Levels of Automation

Vehicle automation has been becoming more salient in past years. The NHTSA (USA) has defined 5 levels of automation that explain how much ‘control’ the vehicle has instead of the driver. These vary from completely no automation, to a fully automated system that can respond in all situations and conditions.

• The NHTSA (USA) has defined 5 levels of automation that explain how much ‘control’ the vehicle
has instead of the driver.

• Some motor manufacturers are focusing on different levels of automation.

• These vary from completely no automation, to a fully automated system that can respond in all
situations and conditions.

• Vehicle automation has been becoming more salient in past years.

In the US, the National Highway Traffic Safety Administration (NHTSA, 2013) has defined the following levels of automated vehicle (AV) functionality:

  • No-Automation (Level 0): the driver is in complete and sole control of the primary vehicle controls – brake, steering, throttle and motive power – at all times.
  • Function-Specific Automation (Level 1): automation at this level involves one or more specific control functions. Examples include electronic stability control or pre-charged brakes, where the vehicle automatically assists with braking to enable the driver to regain control of the vehicle or stop faster than possible by acting alone.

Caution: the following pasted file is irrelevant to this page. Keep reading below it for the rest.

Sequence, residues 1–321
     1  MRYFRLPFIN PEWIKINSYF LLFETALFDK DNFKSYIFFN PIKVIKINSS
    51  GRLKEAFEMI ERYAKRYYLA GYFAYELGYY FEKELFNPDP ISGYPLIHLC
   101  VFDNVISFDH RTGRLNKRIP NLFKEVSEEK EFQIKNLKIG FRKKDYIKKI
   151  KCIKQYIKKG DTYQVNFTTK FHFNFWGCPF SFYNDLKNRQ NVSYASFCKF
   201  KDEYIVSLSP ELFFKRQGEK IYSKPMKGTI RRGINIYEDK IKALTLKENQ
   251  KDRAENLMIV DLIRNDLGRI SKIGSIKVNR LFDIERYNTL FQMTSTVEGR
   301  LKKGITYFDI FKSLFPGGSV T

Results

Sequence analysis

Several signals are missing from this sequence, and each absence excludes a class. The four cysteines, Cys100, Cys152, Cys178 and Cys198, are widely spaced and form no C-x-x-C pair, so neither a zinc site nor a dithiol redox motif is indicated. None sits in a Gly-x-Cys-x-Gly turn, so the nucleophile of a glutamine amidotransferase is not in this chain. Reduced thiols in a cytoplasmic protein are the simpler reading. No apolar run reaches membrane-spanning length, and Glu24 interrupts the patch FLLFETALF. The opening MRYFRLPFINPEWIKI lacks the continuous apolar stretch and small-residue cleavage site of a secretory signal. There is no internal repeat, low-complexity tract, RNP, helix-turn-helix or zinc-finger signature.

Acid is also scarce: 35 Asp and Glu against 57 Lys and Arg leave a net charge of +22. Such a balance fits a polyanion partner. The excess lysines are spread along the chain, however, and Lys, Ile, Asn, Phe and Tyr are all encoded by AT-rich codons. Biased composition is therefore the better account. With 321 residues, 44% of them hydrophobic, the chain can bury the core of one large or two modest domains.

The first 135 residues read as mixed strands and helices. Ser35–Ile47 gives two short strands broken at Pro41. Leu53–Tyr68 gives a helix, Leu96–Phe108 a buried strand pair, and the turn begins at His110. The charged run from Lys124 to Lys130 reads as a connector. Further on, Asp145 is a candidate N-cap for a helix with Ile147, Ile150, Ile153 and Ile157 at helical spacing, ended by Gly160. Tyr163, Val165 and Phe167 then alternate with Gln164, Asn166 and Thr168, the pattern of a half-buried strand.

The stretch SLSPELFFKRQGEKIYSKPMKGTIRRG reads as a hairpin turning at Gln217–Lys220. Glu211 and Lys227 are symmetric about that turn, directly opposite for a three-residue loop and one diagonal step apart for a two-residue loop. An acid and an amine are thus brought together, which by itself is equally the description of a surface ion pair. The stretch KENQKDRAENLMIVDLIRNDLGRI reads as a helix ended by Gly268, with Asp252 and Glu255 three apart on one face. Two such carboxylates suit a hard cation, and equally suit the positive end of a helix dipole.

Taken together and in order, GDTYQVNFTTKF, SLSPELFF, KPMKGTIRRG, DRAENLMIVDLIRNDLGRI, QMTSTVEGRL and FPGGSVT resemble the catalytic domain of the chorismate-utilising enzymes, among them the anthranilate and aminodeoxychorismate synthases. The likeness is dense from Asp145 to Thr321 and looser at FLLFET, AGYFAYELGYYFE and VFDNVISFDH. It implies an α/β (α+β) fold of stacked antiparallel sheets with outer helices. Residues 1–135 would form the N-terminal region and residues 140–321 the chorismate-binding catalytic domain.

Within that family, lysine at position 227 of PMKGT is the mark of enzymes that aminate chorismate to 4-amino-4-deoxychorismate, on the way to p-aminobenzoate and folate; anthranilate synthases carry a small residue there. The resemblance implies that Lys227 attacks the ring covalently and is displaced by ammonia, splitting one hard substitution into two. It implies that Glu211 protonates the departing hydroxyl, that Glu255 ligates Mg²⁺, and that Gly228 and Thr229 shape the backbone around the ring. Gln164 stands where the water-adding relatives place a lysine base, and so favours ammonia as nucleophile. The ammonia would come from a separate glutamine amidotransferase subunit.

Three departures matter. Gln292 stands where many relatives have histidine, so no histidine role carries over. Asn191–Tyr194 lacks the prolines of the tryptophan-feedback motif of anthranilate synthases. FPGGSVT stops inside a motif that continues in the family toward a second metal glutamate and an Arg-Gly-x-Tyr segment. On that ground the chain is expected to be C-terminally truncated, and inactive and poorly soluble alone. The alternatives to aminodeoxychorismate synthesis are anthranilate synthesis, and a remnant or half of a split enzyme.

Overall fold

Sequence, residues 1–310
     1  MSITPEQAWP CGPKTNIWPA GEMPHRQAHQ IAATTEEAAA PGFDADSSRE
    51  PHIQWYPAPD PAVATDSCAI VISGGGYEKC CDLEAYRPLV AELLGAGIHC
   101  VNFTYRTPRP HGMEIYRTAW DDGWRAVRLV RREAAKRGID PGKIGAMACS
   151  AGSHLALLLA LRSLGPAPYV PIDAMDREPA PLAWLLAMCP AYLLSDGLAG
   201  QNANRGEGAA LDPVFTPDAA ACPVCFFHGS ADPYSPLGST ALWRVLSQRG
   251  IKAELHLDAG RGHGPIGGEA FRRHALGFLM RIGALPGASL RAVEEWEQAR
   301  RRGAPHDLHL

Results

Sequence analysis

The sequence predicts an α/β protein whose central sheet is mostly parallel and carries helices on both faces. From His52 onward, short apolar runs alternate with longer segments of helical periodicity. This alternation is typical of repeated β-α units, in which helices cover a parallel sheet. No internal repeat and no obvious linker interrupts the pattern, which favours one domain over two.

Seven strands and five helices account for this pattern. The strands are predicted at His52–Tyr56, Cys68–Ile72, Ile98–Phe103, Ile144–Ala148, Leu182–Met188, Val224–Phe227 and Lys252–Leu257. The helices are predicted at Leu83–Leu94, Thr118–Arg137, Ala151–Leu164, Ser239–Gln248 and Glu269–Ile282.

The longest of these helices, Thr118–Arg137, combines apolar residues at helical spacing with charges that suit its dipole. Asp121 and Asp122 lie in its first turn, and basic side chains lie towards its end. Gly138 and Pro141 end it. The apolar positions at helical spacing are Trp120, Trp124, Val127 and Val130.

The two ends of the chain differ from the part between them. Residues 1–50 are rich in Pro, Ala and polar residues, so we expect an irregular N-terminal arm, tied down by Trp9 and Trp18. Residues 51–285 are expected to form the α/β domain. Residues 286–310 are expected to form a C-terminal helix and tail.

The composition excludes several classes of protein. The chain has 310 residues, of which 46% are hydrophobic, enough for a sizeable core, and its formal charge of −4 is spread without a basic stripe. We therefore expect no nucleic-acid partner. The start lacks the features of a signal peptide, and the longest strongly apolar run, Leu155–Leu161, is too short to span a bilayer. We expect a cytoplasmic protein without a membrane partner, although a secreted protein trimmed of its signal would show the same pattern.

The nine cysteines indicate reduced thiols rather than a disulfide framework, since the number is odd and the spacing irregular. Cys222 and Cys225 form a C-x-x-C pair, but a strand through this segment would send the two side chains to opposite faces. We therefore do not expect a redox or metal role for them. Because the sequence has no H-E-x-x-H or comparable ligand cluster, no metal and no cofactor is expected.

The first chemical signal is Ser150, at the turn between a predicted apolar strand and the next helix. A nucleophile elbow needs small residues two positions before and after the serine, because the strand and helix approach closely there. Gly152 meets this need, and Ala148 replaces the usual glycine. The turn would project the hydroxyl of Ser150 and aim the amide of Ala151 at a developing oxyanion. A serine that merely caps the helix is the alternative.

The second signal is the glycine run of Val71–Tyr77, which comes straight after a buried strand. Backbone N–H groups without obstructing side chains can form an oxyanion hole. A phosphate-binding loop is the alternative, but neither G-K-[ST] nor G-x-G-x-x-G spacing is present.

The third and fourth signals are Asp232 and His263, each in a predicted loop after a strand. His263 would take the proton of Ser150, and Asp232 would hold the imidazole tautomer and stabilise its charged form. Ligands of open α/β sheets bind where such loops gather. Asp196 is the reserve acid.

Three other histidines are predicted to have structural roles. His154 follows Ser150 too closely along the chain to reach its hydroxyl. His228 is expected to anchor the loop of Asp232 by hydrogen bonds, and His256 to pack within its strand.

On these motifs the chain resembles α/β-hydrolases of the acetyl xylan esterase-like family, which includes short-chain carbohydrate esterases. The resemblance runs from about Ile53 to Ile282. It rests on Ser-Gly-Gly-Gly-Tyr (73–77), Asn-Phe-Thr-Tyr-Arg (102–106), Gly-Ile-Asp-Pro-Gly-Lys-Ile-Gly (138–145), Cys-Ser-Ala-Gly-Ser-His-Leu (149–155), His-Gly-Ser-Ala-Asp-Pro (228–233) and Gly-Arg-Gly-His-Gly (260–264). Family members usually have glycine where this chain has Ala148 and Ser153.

• Combined Function Automation (Level 2): this level involves automation of at least two primary control functions designed to work in unison to relieve the driver of control of those functions. Examples include adaptive cruise control in combination with lane centring.
  • Limited Self-Driving Automation (Level 3): vehicles at this level of automation enable the driver to pass full control of all safety-critical functions under certain traffic or environmental conditions, and in those conditions to rely heavily on the vehicle to monitor for changes in those conditions requiring transition back to driver control. The driver is expected to be available for occasional control, but with a sufficiently comfortable transition time. The Google car is an example of this level of automation.
  • Full Self-Driving Automation (Level 4): the vehicle is designed to perform all safety-critical driving functions and monitor roadway conditions for the entire trip. Such a design anticipates that the driver will provide destination or navigation input, but is not expected to be available for control at any time during the trip. This includes both occupied and unoccupied vehicles.